Document Type: Review and Short Length Article
Ecology and Resources Group, Gansu Agricultural University, Lanzhou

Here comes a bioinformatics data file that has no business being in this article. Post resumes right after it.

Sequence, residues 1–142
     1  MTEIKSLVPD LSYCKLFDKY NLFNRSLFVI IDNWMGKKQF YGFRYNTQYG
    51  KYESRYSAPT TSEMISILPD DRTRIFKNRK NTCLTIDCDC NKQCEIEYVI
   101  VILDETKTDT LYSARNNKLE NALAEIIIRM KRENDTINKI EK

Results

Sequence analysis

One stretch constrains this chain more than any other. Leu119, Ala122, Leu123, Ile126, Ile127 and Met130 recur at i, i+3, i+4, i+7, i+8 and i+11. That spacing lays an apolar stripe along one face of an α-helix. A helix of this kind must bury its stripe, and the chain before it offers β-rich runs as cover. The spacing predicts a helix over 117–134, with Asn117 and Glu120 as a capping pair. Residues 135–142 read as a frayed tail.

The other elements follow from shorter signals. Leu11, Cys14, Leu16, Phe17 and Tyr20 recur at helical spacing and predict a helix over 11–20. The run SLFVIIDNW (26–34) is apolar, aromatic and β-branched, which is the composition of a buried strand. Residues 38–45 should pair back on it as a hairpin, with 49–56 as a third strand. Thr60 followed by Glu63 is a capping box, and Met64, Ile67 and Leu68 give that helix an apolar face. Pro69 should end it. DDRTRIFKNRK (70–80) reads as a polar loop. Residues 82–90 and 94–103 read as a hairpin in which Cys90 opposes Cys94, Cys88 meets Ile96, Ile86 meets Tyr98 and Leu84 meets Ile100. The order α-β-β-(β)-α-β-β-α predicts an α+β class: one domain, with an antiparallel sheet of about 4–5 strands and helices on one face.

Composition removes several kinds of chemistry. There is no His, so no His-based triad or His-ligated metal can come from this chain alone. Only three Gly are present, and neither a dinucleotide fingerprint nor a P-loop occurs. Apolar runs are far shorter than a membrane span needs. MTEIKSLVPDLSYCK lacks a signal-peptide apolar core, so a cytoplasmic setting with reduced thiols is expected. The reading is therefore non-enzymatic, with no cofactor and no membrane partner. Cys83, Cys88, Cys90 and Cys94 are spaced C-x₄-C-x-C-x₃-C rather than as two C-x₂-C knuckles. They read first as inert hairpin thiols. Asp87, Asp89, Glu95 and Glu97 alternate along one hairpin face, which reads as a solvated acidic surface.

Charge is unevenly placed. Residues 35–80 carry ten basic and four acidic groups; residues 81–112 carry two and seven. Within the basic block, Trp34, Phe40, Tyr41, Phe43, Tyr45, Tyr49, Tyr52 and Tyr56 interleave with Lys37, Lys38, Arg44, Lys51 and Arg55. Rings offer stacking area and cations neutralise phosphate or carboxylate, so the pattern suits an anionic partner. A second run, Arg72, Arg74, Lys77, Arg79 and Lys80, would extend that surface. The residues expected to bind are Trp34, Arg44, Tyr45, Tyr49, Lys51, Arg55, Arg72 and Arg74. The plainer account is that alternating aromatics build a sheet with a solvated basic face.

This is the second of series on the impact of dust. It focuses on the physical, chemical and physiological effects of dust particles and aerosols. Plants of all types and classes (from algae to forest trees and everything in between) are adversely affected either directly through abrasion by airborne particles or through interference with plant physiology or indirectly through the impact on soil as particles are deposited in the soil surface with effects on the soil chemistry, soil texture and soil structure. The literature that is reviewed spans decades and the biomes from which examples are drawn cover regions from the Arctic Circle to the equator, from deserts to tropical rainforests. The physiological responses of plants underlie and precede ecological changes at the community level and these changes have implications for such important relationships as predator-prey as shelter food supply and other essential ecosystem services either cease to be provided or are severely curtailed. It was found that all species have maximum dust deposition in the winter season followed by summer and rainy seasons. Chlorophyll content decreased and ascorbic acid content increased with the increase of dust deposition. There was significant negative and positive correlation between dust deposition and chlorophyll and ascorbic acid content, respectively.